Posted by: tim ellis | January 2, 2009

Ecuador – Thursday 17th July

The saga of the Travellers Cheques

It Guaytakes me most of the morning to sort out changing some travellers cheques. It all started back in Quito, where the hotel would not change my travellers cheques as they didn’t feel the countersignature was sufficiently like the original one. Then the Cambio at Quito Airport won’t change them because they don’t think the original signature on two cheques are sufficiently similar, and suggest I need to go to American Express, so now I am in Guayaquil I set out to do this. I ask at reception. “American Express Newspaper?” they ask. This should have been a clue that things were not going to go well. Next stop, the tourist information office, where after much scratching of heads, they suggest I go to the Banco Guayaquil, as they have some sort of affiliation with American Express. At the bank I ask at the information desk for travellers cheques – they send me to the second floor. When I get there the security guard treats me to a torrent of Spanish, before directing me to a cashier who tells me I need to go to a Tourist Exchange. I tell her that they had told me to come here, so she suggests the Banco Boliviarno two blocks down. When I get there, I once again ask at the information desk, where I am directed to windows 14 and 15. There is a single queue for windows 13 to 20, but before I can join it, I have to pass another security guard. He does not think they do Travellers Cheques, and after consulting with someone else (I’m not sure if he is an employee or just a bystander) they decide I need to go to the Banco Central. On the way I pass the Banco del Pacifico, and to save time, I decide to try here first. The security guard here is right next to the information desk, so this time I actually get to join the queue, and – finally – change some travellers cheques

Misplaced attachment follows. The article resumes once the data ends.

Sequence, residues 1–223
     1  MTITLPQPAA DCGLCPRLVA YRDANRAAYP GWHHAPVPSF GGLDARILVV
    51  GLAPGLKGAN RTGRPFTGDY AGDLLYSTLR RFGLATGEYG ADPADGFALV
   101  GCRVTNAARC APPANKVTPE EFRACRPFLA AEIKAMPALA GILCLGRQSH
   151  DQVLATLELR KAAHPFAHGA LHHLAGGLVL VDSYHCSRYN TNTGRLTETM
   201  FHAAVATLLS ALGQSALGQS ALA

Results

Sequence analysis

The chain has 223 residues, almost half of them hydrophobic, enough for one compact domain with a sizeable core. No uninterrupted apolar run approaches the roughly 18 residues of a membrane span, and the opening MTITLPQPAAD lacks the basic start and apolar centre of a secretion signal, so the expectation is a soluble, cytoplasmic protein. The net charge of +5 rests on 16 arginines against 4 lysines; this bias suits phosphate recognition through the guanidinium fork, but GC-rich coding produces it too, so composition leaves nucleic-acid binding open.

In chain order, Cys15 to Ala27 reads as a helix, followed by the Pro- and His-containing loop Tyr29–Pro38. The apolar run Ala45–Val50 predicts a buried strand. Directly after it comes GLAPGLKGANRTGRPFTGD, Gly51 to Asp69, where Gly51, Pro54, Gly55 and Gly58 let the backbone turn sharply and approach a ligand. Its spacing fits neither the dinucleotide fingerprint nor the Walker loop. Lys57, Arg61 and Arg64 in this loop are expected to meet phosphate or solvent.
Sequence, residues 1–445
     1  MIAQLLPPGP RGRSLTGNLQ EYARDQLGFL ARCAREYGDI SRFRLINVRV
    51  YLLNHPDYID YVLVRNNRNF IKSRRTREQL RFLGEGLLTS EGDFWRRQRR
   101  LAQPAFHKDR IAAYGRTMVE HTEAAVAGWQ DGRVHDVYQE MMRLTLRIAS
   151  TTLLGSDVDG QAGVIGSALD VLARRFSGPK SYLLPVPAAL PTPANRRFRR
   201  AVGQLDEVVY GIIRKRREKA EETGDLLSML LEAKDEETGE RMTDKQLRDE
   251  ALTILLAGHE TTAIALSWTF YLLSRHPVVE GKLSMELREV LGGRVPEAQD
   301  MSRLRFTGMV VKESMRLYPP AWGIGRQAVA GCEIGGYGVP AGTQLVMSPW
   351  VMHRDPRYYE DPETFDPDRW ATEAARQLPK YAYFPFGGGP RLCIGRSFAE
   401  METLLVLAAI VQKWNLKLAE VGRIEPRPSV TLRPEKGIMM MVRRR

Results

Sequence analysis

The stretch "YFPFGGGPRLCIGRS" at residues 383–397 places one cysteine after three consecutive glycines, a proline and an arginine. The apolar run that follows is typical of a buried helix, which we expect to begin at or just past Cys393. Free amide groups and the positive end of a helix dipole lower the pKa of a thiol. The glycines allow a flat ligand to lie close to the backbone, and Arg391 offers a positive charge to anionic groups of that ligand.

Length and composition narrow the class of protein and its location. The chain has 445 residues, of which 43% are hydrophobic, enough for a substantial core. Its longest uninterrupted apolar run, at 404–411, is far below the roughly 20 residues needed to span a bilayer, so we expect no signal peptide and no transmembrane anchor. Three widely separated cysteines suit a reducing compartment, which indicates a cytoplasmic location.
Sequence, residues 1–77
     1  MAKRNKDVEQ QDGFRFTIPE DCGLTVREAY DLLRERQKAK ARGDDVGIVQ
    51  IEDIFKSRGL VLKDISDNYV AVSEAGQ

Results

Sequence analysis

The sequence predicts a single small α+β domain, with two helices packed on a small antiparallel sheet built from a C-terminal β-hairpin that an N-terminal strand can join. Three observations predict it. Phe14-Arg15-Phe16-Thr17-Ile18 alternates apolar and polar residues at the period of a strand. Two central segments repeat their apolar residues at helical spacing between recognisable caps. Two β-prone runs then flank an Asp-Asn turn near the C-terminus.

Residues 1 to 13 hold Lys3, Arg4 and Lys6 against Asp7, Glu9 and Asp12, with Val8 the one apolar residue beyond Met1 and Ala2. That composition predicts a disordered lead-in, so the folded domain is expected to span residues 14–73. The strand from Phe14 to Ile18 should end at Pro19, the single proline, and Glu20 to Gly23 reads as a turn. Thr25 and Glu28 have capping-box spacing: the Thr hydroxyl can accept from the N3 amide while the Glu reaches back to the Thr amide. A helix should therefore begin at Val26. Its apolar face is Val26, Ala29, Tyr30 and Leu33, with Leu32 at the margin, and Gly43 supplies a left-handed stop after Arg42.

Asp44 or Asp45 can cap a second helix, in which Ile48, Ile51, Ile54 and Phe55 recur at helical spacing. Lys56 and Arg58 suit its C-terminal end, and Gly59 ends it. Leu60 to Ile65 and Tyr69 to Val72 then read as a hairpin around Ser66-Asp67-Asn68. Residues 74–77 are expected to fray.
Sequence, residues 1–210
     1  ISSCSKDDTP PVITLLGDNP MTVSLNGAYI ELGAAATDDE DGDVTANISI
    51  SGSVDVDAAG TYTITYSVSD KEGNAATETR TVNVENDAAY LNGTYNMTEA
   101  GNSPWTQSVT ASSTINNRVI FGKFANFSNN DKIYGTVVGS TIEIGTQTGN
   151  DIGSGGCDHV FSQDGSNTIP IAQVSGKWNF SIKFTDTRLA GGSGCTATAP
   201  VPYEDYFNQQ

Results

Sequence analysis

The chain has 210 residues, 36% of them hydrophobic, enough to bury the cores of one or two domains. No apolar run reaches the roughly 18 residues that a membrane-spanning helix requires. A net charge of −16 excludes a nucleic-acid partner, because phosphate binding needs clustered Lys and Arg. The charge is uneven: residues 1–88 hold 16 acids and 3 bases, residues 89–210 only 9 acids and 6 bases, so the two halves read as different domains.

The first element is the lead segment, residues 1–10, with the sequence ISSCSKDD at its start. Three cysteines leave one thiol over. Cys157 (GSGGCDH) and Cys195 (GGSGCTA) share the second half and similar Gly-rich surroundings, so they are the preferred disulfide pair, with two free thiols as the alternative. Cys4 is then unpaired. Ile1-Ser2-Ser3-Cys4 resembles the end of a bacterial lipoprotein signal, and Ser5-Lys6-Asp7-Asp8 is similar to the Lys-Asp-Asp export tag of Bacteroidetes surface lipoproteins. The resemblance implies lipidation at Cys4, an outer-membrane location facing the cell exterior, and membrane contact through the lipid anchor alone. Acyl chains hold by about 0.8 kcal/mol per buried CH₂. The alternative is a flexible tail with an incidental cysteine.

I am already downstream of my hotel by now, and only a block up from the river, so I decide to walk the other half of the Malecon 2000, from the imax cinema (Offering either Batman or Kung Fu Panda, but as both are probably dubbed in Spanish I decide to pass) down past a pleasant looking park area to the Bolivar/San Martin monument, the back to the hotel. The sun has got very hot, so I decide to shelter in the air conditioning for a while.

Once it is cooler, relatively speaking, I set off for Barrio Las Peñas, only a bit further out than where I was this morning. It is a hill which contains some of the oldest parts of the city, and many small art galleries and workshops. There is a lighthouse on top of the hill, and just below that an area with some model pirates and a number of old cannons (or canyons as Jorge told me yesterday when recommending it), and a few other historical artefacts, all labelled in Spanish and “Spanglish” – some of which is reasonably clear and some makes no sense whatsoever. The steps up the hill are all helpfully numbered – there are 444 of them, and with the heat, you are glad of the chance to stop and look in the galleries and shops on the way up!

Bariro Las Penas

When I get back down the hill, I decide I should still have time to go to the far end of the Malecon 2000 walkway to some craft shops I saw yesterday for some souvenir shopping now I have my money sorted. Unfortunately when I get there, even though the shops seem to still be open the security guards, for some inexplicable (to me at least) reason have closed off access to that section of the walkway, so you can’t actually get to them.

In an attempt to get a meal served in the right order tonight I go around the corner in the opposite direction, to the restaurant attached to the Ramada hotel. The menu here is in both English and Spanish, and is large and varied. As I am now on the coast I go for Sea Bass in a creole sauce, with rice and plantain chips. Very good, and I do get all the courses in the expected order – Success!


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